On the inside look up to the 75ft diameter stained glass dome with dragons guarding gold by Joseph McCausland & Sons, restored more than 100 years later by his g2 grandson Andrew Mccausland.

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CROSS YONGE STREET, GO WEST ALONG FRONT STREET TO ENTER BROOKFIELD PLACE

ENTER RIGHT (sign to Hockey Hall of Fame) INSIDE, LEFT INTO ALLEN LAMBERT GALLERIA

STOP 9: COMMERCIAL BANK OF THE MIDLAND DISTRICT, WILLIAM THOMAS ARCHITECT, 1844-45 ALLEN LAMBERT GALLERIA, BROOKFIELD PLACE, 181 BAY ST., SANTIAGO CALATRAVA, ARCHITECT, 1992

William Thomas emigrated from England to Toronto in 1843. His many achievements in Canada include Brock’s monument at Queenston Heights and, in Toronto, St Lawrence Hall, St Michael’s Cathedral and Bishop’s Palace, Oakham House, his home at Gould and Church Streets, and the Don Jail. The Commercial Bank of the Midland District, built 1844-45, at 13-15 Wellington Street West, was William Thomas’s first project in Toronto.  In 1992 it was dismantled and its façade was reassembled to front the Canadian Chamber of Commerce, inside the Galleria.

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Allen Lambert president of the Toronto Dominion Bank navigated amalgamation of the Bank of Toronto and the Dominion Bank and building of the TD Centre in the 1960s. He was the brother-in-law of architect and architectural critic Phyllis Lambert who persuaded him to hire Ludwig Mies van der Rohe to be its architect. (As she had previously persuaded her father, Samuel Bronfman, to hire him to design the Seagram Building in New York.) Construction of the TD Centre’s banking hall at King and Bay required demolition of the Bank of Toronto, fragments of which were assembled into the Greek Temple at Guild Park, Scarborough. The Dominion Bank building survived to be incorporated into 1 King Street West, which is on this route. Allen Lambert is also remembered for being the founder of the TD Centre’s considerable collection of indigenous and Canadian contemporary art.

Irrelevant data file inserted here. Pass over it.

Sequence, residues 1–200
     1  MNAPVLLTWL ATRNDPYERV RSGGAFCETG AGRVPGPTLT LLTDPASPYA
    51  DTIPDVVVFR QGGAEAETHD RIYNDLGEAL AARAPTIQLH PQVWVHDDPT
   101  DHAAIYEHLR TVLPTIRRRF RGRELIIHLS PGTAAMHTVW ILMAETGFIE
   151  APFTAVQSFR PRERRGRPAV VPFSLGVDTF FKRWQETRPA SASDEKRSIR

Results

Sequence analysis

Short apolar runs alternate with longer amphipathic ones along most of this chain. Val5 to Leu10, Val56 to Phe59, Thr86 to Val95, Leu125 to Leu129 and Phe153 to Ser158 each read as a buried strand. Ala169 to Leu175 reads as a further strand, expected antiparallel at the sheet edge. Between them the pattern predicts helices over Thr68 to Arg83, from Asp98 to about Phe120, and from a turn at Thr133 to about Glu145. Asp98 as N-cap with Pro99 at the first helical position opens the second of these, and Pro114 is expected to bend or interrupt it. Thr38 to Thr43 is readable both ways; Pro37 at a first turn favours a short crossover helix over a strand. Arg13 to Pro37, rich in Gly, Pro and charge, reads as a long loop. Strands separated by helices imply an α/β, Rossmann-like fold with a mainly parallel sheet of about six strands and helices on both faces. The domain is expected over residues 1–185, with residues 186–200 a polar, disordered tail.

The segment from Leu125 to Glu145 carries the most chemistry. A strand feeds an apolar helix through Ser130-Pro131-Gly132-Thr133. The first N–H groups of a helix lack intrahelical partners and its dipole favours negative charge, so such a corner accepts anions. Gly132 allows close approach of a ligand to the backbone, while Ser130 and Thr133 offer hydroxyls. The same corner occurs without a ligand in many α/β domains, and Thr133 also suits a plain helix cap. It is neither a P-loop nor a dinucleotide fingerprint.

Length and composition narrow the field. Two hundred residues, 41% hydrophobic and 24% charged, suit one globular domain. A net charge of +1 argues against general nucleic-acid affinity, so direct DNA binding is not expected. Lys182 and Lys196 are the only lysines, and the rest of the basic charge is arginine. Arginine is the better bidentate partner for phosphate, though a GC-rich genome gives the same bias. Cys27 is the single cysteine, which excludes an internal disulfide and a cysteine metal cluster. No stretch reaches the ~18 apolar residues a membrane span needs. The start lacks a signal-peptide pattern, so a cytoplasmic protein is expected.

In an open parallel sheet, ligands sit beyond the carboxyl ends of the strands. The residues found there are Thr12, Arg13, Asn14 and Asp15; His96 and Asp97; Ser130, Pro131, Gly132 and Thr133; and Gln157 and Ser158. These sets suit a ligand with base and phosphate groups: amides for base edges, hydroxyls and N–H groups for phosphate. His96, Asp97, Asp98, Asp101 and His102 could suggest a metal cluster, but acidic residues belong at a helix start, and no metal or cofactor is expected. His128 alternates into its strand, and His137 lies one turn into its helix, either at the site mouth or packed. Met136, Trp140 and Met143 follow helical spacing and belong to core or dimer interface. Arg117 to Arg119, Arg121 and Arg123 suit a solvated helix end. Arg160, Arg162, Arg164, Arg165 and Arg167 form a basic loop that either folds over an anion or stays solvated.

Santiago Calatrava is famous for being one of the world’s most daring and challenging architects. Structural engineer Morden Yolles, who oversaw the Galleria’s construction, points out that its soaring vault is itself, an example of facadism. The hyperbolic arches that catch the eye are entirely decorative. The real work of roof support is done by the flatter, barely visible steel ribs above them. 

WEST THROUGH ALLEN LAMBERT GALLERIA (WASHROOMS BELOW) TO BAY ST. 

RIGHT (NORTH) UP BAY STREET, EAST SIDE

STOP 10: TORONTO STOCK EXCHANGE, 234 BAY ST., GEORGE AND MOOREHOUSE, ARCHITECTS, 1937.

Façade by S.H. Maw, bas reliefs of Canadian industry by Charles Comfort. 

Design Exchange, Kuwabara Payne McKenna Blumberg, architects, 1994

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Stock Exchange closed 1983, reopened as Design Exchange, 1994. The art deco façade with bas relief by Peter Schoen stands proud on the face of the fourth, “neo-Miesian”, tower of Ludwig Mies 12 van der Rohe’s TD Centre. Behind that façade, the trading floor, the INCO grand staircase, 12m high ceilings and murals by Charles Comfort are restored; with in a building that is enjoying a dignified and creative reuse.

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Bas relief and aluminum doors with images of workers by Peter Schoen. Find the businessman in top hat with his hand in a worker’s pocket, and the only woman on the façade (with microscope).

NORTH TO KING, RIGHT THEN NORTH THROUGH SCOTIA PLAZA TO ADELAIDE STREET NORTH SIDE.

STOP 11: ORIGINALLY JOHN KAY & CO., 40 KING STREET WEST, SAMUEL G. CURRY ARCHITECT, 1898 NOW WINNERS, SCOTIA PLAZA 11 ADELAIDE STREET WEST, WZMH ARCHITECTS, 1988